While many articles in this special issue draw on existing data extracted from interRAI assessments, three publications explored the psychometric evaluations of new interRAI mental health instruments. First, Barbaree et al. describe the development of a forensic supplement to the MH and Problem Behaviour Scale. The instrument underwent rigorous evaluations in three samples of adult forensic inpatients, prison inmates, and youth in custody. The authors state that their innovative tool enables mental health professionals to predict which inpatients are at risk of violence across forensic settings. In practical application, early identification could facilitate appropriate treatments to reduce the need for acute control interventions and to manage behaviors that could hinder the person's progress toward community reintegration.

Stewart, Celebre, Hirdes, et al. designed an algorithm to predict violence specifically in children and youth. The authors deemed the interRAI Risk of Injury to Others (RIO) algorithm a strong predictor of violence that can competently assist decision-making and facilitate early intervention. Lastly, Stewart, Celebre, Iantosca, et al. designed and validated a novel Autism Spectrum Screening Checklist (ASSC). The authors report that the ASSC can serve as an initial screen to identify high-risk children and youth assessed as part of routine practice.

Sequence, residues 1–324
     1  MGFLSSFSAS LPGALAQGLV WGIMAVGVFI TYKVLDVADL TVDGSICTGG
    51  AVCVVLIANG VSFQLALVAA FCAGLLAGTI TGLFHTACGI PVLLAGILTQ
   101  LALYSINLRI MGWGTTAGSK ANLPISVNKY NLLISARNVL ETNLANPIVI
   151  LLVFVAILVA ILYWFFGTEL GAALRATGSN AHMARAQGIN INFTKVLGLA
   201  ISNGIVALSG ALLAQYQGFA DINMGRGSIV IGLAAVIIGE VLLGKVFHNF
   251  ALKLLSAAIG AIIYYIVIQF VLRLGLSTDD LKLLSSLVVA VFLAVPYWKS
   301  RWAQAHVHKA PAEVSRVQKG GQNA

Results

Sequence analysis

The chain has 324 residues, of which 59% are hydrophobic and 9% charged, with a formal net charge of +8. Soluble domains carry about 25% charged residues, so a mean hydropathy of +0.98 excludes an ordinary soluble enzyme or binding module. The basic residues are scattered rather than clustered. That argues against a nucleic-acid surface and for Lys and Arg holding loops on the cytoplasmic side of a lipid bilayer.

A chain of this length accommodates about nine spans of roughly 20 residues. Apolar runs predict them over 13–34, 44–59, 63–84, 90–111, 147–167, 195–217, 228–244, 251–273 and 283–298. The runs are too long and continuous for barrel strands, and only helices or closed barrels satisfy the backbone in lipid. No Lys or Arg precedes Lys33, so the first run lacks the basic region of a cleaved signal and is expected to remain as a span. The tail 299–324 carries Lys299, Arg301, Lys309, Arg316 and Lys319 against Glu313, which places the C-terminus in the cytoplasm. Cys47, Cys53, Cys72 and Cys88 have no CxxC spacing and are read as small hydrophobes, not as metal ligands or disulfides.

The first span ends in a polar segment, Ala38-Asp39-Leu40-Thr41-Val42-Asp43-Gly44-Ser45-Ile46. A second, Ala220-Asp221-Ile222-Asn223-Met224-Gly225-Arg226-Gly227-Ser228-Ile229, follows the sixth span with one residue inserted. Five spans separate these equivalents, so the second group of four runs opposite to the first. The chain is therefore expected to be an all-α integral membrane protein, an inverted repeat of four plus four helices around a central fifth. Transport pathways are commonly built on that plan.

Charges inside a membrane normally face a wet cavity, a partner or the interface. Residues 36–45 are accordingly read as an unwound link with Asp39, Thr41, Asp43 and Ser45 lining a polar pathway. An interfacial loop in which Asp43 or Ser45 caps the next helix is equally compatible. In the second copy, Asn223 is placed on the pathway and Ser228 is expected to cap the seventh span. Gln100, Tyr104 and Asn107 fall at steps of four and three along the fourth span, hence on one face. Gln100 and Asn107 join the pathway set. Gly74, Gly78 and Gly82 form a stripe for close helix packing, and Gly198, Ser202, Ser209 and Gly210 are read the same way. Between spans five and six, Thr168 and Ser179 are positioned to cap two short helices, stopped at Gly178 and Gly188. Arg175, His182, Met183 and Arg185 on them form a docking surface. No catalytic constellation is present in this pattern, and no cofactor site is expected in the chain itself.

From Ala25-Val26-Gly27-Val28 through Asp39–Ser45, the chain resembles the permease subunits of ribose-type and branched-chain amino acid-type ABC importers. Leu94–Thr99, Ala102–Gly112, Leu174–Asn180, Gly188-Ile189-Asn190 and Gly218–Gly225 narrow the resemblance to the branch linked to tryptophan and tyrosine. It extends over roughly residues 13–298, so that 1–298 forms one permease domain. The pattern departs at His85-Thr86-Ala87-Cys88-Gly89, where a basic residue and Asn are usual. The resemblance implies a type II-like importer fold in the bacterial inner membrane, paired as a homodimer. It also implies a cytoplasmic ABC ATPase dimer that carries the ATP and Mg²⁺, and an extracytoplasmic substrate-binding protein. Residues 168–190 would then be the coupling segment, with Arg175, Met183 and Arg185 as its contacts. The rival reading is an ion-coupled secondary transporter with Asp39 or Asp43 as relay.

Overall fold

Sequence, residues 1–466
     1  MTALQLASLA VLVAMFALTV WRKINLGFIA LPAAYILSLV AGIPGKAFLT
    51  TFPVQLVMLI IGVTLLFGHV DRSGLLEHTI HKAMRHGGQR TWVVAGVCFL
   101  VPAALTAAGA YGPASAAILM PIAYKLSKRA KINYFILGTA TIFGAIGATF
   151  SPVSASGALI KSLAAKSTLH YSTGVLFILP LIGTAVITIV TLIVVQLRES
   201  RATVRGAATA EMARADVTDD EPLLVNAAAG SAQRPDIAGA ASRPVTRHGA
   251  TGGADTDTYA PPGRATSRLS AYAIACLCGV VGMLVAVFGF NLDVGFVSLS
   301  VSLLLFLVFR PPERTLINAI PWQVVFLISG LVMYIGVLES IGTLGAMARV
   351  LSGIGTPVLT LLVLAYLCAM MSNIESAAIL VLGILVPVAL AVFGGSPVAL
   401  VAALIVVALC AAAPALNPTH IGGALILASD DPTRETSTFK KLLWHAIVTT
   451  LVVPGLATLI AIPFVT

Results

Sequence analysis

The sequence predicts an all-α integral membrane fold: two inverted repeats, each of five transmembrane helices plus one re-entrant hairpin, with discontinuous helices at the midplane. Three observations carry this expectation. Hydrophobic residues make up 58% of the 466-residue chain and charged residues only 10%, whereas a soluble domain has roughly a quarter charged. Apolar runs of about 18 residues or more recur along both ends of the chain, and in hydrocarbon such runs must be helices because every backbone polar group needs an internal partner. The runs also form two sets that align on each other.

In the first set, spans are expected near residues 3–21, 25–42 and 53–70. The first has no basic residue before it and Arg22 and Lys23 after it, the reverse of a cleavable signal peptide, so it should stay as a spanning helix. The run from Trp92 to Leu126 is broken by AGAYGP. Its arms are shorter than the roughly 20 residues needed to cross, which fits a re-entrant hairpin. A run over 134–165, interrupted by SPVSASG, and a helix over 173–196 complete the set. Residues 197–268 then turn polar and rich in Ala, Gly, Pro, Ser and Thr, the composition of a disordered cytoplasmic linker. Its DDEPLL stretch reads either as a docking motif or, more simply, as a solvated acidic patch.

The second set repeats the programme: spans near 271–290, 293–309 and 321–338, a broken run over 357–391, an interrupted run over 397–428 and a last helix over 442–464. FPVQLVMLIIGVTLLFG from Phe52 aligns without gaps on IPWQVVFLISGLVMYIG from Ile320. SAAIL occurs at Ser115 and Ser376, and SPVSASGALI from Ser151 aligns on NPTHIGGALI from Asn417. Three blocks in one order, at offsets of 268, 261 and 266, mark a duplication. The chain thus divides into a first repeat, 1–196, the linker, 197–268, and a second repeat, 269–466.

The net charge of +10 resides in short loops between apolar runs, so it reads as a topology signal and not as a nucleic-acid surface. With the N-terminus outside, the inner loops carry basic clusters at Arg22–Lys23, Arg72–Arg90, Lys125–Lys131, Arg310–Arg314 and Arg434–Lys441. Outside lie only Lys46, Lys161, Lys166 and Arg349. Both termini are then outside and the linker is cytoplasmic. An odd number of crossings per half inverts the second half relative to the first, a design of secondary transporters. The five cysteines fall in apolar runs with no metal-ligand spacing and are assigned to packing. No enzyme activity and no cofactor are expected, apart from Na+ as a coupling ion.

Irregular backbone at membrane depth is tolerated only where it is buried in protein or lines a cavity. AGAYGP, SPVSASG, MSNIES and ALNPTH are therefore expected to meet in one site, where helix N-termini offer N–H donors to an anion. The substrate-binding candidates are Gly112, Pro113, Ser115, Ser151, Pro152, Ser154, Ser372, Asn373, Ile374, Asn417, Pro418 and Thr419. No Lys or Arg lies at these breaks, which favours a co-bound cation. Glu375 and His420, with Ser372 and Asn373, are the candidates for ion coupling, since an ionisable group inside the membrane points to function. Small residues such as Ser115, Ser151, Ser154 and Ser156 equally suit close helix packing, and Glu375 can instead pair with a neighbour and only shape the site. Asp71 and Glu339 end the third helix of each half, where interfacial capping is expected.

Next steps for the interRAI mental health suite

In summary, the articles in this Research Topic provide valuable insights into the richness of interRAI data and recent mental health innovations within the interRAI suite of assessment systems. These data are not exclusive to interRAI fellows, but researchers interested in exploring further the value of the data are encouraged to contact the authors or visit our website. Moreover, these studies and the new innovations support the needs and outcomes of persons with mental illness across different care settings, age groups, and countries.

Author contributions